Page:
In FIG. 3, there is a top view depicting the elevated detector level 11 shown in FIG. 1. This drawing is made as though the overlying absorber coating 23 and the upper silicon nitride layer 22 are transparent so the serpentine resistive layer path 21 can be shown. The ends 21a, 21b of the resistive path 21 are continued down the slope area 30 to make electrical contact with pads 31 and 32 on the lower level 12. FIG. 3 shows the nitride window cuts 35, 36 and 37 which are opened through the silicon nitride layers 20 and 22 to provide access to the phosphor-glass beneath for dissolving it from beneath the detector plane. The nitride window cuts 35, 36, 37 to provide this access are narrow and are shared with adjacent pixels on the sides, thus maximizing the area available to the detector and thus maximizing the fill-factor. The four supporting bridges may be short or as long as necessary to provide adequate support and thermal isolation.
One of the shortcomings of the above described bolometer is its less than optimum fill factor resulting from the presence of the bridges on same level as the elevated microbridge detector level, which, in turn, reduces the total area for IR absorbing, i.e., the fill factor.
It is, therefore, an object of the present invention to provide a three-level infrared bolometer having an increased fill factor and an improved absorbance and a manufacturing method thereof.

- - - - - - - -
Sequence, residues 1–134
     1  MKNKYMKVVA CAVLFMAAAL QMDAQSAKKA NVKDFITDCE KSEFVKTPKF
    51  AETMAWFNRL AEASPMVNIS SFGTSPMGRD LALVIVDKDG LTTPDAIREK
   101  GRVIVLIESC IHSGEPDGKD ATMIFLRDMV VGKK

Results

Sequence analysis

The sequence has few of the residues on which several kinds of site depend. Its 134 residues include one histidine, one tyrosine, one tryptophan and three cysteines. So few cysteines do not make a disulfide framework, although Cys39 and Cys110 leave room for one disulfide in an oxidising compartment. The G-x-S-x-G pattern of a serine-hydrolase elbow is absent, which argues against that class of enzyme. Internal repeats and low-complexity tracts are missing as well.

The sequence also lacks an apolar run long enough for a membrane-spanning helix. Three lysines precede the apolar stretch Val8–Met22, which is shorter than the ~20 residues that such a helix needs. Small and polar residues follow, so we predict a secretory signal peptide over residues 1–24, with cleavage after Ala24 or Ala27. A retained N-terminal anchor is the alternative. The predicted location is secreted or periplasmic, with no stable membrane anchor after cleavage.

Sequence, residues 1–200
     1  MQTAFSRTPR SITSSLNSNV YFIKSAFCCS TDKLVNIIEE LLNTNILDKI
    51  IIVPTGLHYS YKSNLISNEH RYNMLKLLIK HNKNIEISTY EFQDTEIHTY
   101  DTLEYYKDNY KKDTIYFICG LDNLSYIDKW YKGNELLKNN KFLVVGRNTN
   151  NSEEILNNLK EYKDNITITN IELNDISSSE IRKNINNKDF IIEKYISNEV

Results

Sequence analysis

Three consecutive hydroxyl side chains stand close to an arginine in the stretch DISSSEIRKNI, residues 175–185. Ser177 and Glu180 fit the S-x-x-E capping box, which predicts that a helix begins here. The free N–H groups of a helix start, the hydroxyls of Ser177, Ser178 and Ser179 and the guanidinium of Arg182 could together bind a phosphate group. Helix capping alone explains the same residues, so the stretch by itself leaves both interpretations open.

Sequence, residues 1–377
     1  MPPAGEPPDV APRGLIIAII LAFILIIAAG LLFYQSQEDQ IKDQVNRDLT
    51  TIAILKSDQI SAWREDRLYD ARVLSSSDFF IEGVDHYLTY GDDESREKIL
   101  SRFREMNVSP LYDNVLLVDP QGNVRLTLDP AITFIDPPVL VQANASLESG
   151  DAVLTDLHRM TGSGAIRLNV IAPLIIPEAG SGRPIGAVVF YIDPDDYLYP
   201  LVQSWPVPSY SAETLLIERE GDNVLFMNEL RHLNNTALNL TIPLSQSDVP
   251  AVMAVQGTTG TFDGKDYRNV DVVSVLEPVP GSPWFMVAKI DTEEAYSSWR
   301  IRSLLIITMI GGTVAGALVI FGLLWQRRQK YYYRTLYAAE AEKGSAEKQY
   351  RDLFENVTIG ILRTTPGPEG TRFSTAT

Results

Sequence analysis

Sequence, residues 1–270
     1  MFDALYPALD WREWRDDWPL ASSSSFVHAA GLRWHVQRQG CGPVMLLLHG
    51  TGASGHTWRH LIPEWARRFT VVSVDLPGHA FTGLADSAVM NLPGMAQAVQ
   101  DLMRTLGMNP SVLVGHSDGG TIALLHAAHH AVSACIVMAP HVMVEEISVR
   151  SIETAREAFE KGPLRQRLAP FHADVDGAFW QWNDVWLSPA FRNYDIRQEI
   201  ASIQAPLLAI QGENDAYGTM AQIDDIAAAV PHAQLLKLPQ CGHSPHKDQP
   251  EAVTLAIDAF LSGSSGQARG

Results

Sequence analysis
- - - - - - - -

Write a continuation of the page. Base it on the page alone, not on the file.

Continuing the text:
In accordance with one aspect of the present invention, there is provided a three-level infrared bolometer, the bolometer comprising: an active matrix level, the active matrix level including a substrate and at least a pair of connecting terminals, wherein the pair of connecting terminals are formed on top of the substrate, a support level provided with at least a pair of bridges, each of the bridges including an conduction line, one end of the conduction line being electrically connected to the respective connecting terminal, an absorption level, the absorption level including an absorber, a bolometer element surrounded by the absorber, and an infrared absorber coating formed on top of the absorber and having a rough surface, and at least a pair of posts, each of the posts being placed between the absorption level and the support level and including an electrical conduit surrounded by an insulating material, each end of the bolometer element of the absorption level being electrically connected to the respective connecting terminal through the respective electrical conduit and the respective conduction line.